The one who watched him with blue eyes was a survivor just like himself, wild, free. A soul like that deserved a chance to escape calamity, and though he sensed the human was aware of danger, as well as capable of saving himself, the absol was certain of the fact that he knew the wilds better even than this human hunter. Few creatures knew the mountains like him, and others of his kind. He would lead them to safety if such a thing were necessary. Doubt was not something the absol had ever experienced thus far in his life. He knew he would succeed. This was not an expression of egotism, rather, it was justifiable, and as certain to happen as the rising of the sun that was now sinking toward the horizon. After all, he was not born to Follow, but to Lead.
The absol did not run, though for many days it lingered in the treeline, watching the cottage, only approaching when Joscelin emerged. It came and went as it pleased, for Joscelin had weighed the risk of letting it roam free and deemed it worthwhile. Though it was able to hunt for itself, Joscelin still took time every day to feed it morsels of fresh meat by hand, just as he had done with his houndour and pair of poochyena, ensuring they did not forget who he was to them.
-Two months into the chaos-
He watched as the human approached, with the younger female a few steps behind. Many nights had passed, and he had grown used to the sight of the other two who were as kin to the one who was Hunter and Equal. The Many-Moons human never roamed far from the stone hill in which they sheltered, but Small-and-Brave seemed curious about him. He remembered her – her scent was recognisable. It had been this one who had found him in the dark, with something around his throat that prevented him from continuing in his approach to the nearest human settlement. Her gentle growls had been the last thing he’d heard before he had known nothing for a time, except peace and shadow. He did not understand where he had gone during that period, but he had not been back there since. For this, he was grateful. Hunter and Equal made sure he ate at least a little every day, and made sure there was fresh water close by, so that he didn’t have to go looking for it. As far as the absol could tell, the human seemed at ease whenever he was around, and it was clear then, that the human was aware that he was there to aide him. Watching how the three humans interacted taught the absol that Hunter and Equal was Leader too, because the others showed themselves ready to Follow him willingly.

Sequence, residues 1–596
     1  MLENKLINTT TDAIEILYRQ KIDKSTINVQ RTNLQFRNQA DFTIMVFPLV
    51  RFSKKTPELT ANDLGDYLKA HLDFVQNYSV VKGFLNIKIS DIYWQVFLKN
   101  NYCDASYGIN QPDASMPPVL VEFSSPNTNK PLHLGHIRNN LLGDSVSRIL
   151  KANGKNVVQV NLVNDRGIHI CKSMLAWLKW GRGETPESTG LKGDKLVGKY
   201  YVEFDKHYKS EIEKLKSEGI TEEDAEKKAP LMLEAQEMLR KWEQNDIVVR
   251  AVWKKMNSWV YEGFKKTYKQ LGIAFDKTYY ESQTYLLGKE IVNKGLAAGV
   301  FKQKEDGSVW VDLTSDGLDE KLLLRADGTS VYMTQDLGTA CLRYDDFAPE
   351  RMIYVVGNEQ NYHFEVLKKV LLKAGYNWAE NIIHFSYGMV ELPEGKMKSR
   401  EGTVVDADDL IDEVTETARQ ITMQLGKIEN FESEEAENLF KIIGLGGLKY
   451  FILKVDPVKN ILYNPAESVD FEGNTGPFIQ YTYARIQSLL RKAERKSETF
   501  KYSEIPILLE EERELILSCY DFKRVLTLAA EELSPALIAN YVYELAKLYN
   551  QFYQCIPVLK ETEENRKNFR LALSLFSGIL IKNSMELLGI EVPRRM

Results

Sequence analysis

As with other pokemon he had met who were capable enough to Lead, when this quality had made itself clear in the human male, the absol had grown wary, had expected a show of Dominance, because Leaders did not coexist naturally. But this human was a strange creature, and he became what he was Not, submitting and showing willingness to Follow the absol himself, he who would be Follower to no-one, man or beast. In time, the absol grew to be as sure of this fact: if he were to Lead them away from here, the younger male would Follow without hesitation, even against his own instincts. The depth of trust and confidence this displayed was not lost on the absol.
It was something that he would never forget.
“Remember what I’ve taught you, Jules? Tell me.”
“Mm,” the girl hummed momentarily under her breath while she thought, her attention fixed on the absol. A single, firm nod, and she continued, glancing only very briefly at the man who was as a father to her. “I can go close to him, but I need to leave it up to him to close the distance. No touching him unless and until he sniffs at my offered hand and shows no sign of unease. Always move slow, never touching his muzzle. I’ve got to do just as you say, if I get scared or if he gets tense. And… There was one more really important thing… Ah! I mustn’t look him in the eye. It’s a sign of aggression, right?” Her lips stretched into a board smile when Joscelin bent to press a kiss to the top of her head.